Treasury Secretary Donald T. Regan this week renewed his attack on the Federal Reserve for allowing sharp fluctuations in money growth last year, fluctuations that he said caused interest rates to rise.

"During 1981, there appeared to be a particularly close relationship between variability in monetary growth and short-term rates," Regan told Congress' Joint Economic Committee. "Acceleration in monetary growth was associated with sharp increases in short-term rates, while deceleration in monetary growth was associated with declines in short-term interest rates.

"This is an important lesson. Faster money growth causes interest rates to go up, not down," Regan concluded.

Regan flatly asserts this is a cause-and-effect relationship, but many economists do not share that view. Nor does the evidence of 1981 necessarily support it.

Economists at the St. Louis Federal Reserve Bank, known far and wide for their strict monetarist persuasion, recently looked at last year's changes in money growth, interest rates and the demand for business loans. In a direct contradiction to Regan's assertions, they wrote earlier this month, "Market interest rates are determined by numerous factors that affect the supply of and the demand for credit, including changes in the rate of growth of money. All other things equal, an acceleration in the short-run rate of money growth will cause interest rates to fall, while a deceleration will cause interest rates to rise."

In 1981 interest rates and money growth often did move together, the St. Louis analysts noted, but they went on to probe more deeply. "Data on the rate of growth of M1-B corresponding to peak-to-trough and trough-to-peak movements in the 90-day certificate of deposit rate, however, suggest that changes in the rate of money growth have not been the primary determinant of short-run movements in short-term interest rates during the past year." Movements in the 90-day CD rate instead "appear to have been closely linked to changes in credit demand."

In other words, fluctuations in credit demand, not shifts in money growth over short periods, primarily were responsible for the ups and downs of short-term interest rates, they said.

Furthermore, an increase in the demand for credit also can produce a jump in money growth unless a prescient Fed moves instantly to counter it. Doing so, many economists believe, would lead to more volatility of interest rates, not less.

Regan in his testimony also called for a change in the Federal Reserve's monetary policy this week, asking for money growth this year of between 4 1/2 percent and 5 1/2 percent rather than the 4 percent figure that is the midpoint of the Fed's target range. He specifically rejected moving up the target range, which stretches from 2 1/2 percent to 5 1/2 percent, in favor of shooting for the "upper third" of it.

The new proposal for faster money growth this year is Treasury's alone, Regan later said. Other administration officials said the recommendation had not been discussed in the regular meetings among economists from Treasury, the Council of Economic Advisers and the Office of Management and Budget.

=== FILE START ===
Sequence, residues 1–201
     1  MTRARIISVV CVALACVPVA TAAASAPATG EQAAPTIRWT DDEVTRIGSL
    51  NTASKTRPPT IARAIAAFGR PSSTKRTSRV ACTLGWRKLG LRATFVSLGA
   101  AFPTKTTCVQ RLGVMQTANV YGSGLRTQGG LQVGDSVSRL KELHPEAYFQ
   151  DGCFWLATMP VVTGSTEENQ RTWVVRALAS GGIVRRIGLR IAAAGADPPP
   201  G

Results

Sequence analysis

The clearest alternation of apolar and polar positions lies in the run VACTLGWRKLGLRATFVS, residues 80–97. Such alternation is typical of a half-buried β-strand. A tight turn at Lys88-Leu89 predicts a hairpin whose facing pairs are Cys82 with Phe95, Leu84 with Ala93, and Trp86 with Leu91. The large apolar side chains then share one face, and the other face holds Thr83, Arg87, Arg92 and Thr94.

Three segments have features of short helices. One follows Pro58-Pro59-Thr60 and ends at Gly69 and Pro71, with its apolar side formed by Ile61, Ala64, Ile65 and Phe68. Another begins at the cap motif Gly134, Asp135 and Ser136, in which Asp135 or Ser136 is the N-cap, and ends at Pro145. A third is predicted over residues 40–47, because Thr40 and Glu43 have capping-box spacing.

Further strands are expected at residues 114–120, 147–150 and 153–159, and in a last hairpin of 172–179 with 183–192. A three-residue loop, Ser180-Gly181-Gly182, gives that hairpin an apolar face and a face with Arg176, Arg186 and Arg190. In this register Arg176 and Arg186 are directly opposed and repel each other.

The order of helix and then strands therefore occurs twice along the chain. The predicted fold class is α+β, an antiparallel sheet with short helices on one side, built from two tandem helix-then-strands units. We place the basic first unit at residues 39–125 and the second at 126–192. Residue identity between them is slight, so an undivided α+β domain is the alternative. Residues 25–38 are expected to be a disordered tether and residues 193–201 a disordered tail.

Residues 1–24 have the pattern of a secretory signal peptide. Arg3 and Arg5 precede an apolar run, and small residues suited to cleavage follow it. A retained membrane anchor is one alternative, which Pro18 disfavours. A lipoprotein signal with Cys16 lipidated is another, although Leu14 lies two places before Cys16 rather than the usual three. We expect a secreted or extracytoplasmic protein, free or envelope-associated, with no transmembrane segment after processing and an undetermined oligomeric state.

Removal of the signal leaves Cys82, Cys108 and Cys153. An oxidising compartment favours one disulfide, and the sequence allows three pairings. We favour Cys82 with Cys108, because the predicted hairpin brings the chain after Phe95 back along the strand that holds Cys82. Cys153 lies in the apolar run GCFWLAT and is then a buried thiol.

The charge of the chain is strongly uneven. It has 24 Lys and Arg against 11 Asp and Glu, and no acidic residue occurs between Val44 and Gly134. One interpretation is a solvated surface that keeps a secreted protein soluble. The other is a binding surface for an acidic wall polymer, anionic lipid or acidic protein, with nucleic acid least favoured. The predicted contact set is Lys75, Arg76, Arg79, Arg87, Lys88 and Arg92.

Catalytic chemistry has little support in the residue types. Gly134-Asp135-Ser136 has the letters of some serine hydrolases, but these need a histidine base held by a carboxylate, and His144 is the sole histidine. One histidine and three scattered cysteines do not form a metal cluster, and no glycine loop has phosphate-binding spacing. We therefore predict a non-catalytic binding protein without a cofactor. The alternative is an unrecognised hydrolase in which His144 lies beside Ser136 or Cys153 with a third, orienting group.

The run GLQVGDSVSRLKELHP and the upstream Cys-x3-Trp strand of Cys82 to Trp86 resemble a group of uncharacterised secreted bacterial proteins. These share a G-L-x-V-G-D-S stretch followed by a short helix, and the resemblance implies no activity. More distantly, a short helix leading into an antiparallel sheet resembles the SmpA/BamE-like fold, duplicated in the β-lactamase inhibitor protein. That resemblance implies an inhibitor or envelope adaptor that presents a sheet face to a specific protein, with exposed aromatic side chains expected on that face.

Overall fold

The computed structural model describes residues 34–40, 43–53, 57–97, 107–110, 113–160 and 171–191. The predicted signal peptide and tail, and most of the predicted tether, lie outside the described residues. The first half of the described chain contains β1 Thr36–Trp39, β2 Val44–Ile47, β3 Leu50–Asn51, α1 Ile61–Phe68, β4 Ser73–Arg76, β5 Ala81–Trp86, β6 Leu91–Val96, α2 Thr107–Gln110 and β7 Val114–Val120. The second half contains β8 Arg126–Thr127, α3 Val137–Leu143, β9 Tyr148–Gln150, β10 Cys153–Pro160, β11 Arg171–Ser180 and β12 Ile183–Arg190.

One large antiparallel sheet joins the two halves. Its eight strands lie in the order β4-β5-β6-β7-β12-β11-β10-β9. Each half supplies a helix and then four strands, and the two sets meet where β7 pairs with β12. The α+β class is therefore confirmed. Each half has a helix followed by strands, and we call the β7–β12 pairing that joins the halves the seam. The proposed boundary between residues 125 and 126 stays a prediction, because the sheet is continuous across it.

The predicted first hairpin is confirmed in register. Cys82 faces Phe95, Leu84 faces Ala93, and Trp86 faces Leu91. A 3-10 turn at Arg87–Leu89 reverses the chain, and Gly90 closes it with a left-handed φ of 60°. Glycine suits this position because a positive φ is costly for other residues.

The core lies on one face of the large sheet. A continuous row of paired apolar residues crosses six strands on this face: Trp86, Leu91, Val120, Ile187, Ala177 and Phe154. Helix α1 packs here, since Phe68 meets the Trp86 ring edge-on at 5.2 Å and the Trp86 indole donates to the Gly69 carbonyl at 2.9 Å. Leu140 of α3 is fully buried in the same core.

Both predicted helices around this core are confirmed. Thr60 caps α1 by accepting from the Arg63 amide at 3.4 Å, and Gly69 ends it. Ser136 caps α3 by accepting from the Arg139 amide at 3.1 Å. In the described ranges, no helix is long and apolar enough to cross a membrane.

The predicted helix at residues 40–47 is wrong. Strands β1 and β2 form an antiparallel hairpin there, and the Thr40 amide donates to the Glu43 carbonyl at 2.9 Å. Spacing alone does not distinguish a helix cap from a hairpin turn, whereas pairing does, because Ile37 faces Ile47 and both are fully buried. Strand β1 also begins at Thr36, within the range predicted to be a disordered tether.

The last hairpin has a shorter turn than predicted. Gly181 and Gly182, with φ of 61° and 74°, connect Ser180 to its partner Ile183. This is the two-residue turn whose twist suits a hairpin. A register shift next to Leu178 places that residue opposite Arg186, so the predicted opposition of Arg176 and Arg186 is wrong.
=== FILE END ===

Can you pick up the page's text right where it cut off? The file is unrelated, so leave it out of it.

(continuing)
"That's really Don way out in front," said one official, who did not want to be named because he wants no public fight with Regan.

In fact, the idea of seeking money growth this year somewhat faster than the Fed's intended 4 percent probably appeals to a great many economists, both in and out of government. It does to the official quoted above, for instance. But he added, "If I thought you could control money that well, I would say, okay. The trouble is there is no empirical evidence the Fed has that kind of precise control over money."

Regan and his aides obviously believe the Fed could do it if only it would, and that its failure is costly.

"The erratic pattern of money growth that occurred in 1980 and 1981 ... contributed to the onset of the current downturn," he told the JEC. The volatility of money growth "destroys the credibility of long-run monetary controls, adds to uncertainty and risk, and thereby helps keep interest rates high as lenders seek to protect their principal."

Again, Regan makes a leap. It is the volatility of interest rates that creates the greater uncertainty and risk. Short-term changes in money growth rates can be blamed only if they are responsible for the volatility in interest rates. They certainly are not the sole cause and likely not even the primary cause. Moreover, if the Fed is able to meet its money growth targets over the longer term--not weekly or monthly--why does short-term volatility of money growth destroy the Fed's credibility?

"Why in the hell are we attacking the Fed?" the administration official mentioned above asked. "It would be far more productive to admit that we are going to have fluctuations in money growth. We should be belittling the short-term movements and stressing the fact that the Fed's doing pretty well controlling the long-term growth of money."